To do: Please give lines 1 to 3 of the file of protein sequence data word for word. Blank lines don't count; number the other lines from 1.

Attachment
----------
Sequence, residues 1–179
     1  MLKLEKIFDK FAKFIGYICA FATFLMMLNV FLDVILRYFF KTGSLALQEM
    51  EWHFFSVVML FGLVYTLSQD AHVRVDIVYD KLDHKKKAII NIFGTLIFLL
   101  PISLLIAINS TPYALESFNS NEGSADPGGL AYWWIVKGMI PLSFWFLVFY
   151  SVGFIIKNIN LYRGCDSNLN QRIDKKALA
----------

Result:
Sequence, residues 1–179
     1  MLKLEKIFDK FAKFIGYICA FATFLMMLNV FLDVILRYFF KTGSLALQEM
    51  EWHFFSVVML FGLVYTLSQD AHVRVDIVYD KLDHKKKAII NIFGTLIFLL